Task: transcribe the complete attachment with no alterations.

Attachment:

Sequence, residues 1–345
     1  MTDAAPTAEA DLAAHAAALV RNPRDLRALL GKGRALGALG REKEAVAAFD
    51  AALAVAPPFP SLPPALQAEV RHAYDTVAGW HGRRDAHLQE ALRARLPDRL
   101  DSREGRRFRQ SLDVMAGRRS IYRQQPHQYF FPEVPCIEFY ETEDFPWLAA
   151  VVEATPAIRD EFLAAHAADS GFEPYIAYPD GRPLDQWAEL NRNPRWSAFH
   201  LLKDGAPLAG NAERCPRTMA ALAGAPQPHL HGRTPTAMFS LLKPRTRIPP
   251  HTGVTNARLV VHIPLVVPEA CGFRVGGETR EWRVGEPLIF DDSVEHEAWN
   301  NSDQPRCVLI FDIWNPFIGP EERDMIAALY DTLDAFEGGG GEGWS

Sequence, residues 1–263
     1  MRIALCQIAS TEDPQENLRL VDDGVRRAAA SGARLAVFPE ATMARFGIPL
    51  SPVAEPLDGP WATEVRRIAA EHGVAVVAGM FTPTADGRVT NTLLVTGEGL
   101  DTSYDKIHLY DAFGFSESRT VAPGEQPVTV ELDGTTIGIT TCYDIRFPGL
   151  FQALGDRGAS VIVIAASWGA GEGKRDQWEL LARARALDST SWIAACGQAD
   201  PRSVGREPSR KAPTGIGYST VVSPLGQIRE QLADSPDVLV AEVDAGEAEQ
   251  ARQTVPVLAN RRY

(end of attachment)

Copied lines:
Sequence, residues 1–345
     1  MTDAAPTAEA DLAAHAAALV RNPRDLRALL GKGRALGALG REKEAVAAFD
    51  AALAVAPPFP SLPPALQAEV RHAYDTVAGW HGRRDAHLQE ALRARLPDRL
   101  DSREGRRFRQ SLDVMAGRRS IYRQQPHQYF FPEVPCIEFY ETEDFPWLAA
   151  VVEATPAIRD EFLAAHAADS GFEPYIAYPD GRPLDQWAEL NRNPRWSAFH
   201  LLKDGAPLAG NAERCPRTMA ALAGAPQPHL HGRTPTAMFS LLKPRTRIPP
   251  HTGVTNARLV VHIPLVVPEA CGFRVGGETR EWRVGEPLIF DDSVEHEAWN
   301  NSDQPRCVLI FDIWNPFIGP EERDMIAALY DTLDAFEGGG GEGWS

Sequence, residues 1–263
     1  MRIALCQIAS TEDPQENLRL VDDGVRRAAA SGARLAVFPE ATMARFGIPL
    51  SPVAEPLDGP WATEVRRIAA EHGVAVVAGM FTPTADGRVT NTLLVTGEGL
   101  DTSYDKIHLY DAFGFSESRT VAPGEQPVTV ELDGTTIGIT TCYDIRFPGL
   151  FQALGDRGAS VIVIAASWGA GEGKRDQWEL LARARALDST SWIAACGQAD
   201  PRSVGREPSR KAPTGIGYST VVSPLGQIRE QLADSPDVLV AEVDAGEAEQ
   251  ARQTVPVLAN RRY